Sherry Turkle was interviewed by NPR’s Fresh Air host, Terry Gross last week. Turkle said this about our connected children: “Children are getting these phones earlier and earlier. These are years when children need to develop this capacity for solitude, this capacity to feel complete playing alone. If you don’t have a capacity for solitude, you will always be lonely, and my concern is that the tethered child never really feels that sense that they are sort of OK unto themselves; and I talk to college students who’ve grown up with the habit of being in touch with their parents five, 10, 15 times a day. And it’s no longer Huckleberry Finn as a model of adolescence, you know, sailing down the Mississippi alone — we’ve developed a model of adolescence and childhood where we sail down the Mississippi together with our families in tow.”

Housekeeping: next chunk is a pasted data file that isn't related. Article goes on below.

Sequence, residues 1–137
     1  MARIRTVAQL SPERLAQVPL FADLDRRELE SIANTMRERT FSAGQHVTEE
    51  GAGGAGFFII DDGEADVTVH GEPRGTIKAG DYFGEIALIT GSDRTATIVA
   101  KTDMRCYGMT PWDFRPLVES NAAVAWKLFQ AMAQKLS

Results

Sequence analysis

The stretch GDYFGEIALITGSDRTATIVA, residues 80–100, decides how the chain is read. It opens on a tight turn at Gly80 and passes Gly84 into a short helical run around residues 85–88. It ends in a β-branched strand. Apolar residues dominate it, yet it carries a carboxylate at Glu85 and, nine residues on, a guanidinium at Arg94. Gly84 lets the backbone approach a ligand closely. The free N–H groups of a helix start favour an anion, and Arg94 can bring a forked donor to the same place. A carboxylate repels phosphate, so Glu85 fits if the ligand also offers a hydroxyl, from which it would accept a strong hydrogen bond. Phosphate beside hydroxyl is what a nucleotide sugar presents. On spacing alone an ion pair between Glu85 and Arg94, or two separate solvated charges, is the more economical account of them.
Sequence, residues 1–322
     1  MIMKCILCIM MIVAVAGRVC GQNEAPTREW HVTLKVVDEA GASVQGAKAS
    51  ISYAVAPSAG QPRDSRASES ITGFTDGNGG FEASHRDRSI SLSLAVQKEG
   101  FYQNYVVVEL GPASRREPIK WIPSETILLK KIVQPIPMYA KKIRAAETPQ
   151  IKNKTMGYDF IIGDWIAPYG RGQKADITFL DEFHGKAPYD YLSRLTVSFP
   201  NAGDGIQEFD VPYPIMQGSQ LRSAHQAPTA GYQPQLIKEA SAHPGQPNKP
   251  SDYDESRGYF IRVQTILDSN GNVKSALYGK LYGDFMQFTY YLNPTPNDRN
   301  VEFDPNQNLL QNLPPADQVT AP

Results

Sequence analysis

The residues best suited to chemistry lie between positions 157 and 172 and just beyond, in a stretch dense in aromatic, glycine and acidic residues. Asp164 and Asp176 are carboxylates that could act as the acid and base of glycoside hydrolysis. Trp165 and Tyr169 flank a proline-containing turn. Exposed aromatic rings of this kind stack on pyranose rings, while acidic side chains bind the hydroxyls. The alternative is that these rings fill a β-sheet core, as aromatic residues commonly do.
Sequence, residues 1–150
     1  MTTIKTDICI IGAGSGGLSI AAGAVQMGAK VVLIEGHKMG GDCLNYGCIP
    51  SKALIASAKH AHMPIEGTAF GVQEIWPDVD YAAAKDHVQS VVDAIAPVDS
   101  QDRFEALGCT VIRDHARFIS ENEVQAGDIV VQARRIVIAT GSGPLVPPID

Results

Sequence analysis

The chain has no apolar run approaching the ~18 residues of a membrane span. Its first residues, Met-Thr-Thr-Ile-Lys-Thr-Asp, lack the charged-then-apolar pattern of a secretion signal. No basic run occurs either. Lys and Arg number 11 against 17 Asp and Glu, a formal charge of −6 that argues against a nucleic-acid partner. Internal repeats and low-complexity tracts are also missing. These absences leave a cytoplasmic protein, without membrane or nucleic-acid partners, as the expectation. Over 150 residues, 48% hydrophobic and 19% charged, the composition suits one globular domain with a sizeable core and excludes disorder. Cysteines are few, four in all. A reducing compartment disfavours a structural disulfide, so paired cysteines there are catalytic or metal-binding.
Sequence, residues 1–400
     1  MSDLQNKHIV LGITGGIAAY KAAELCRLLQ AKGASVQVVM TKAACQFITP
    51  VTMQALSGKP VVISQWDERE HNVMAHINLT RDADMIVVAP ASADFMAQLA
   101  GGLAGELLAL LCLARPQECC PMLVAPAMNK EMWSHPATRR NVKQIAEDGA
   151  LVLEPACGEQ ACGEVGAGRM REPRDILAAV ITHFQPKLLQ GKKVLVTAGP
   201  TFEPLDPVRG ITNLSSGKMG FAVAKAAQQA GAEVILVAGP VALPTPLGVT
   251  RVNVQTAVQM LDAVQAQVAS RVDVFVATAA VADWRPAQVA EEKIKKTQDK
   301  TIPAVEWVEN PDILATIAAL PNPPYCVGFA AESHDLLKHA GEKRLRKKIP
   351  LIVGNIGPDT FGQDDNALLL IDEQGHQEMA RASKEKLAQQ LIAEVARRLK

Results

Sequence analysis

Do you remember the first independent, grown-up thing you did without a parent by your side? Taking the bus somewhere or walking to the store or library? If anything came up, you relied on your own abilities. You gained confidence and a stronger sense of self. Would it have been the same result if you had a cell phone in your pocket?
Remember, we are having a noon-time panel discussion this Wednesday, Oct. 24th moderated by Professor Urquhart. Join us at the Campus Library for some interesting conversation over lunch; refreshments and coffee provided. For more information call me at 228-4567.
Posted by KJ Bolling, LAII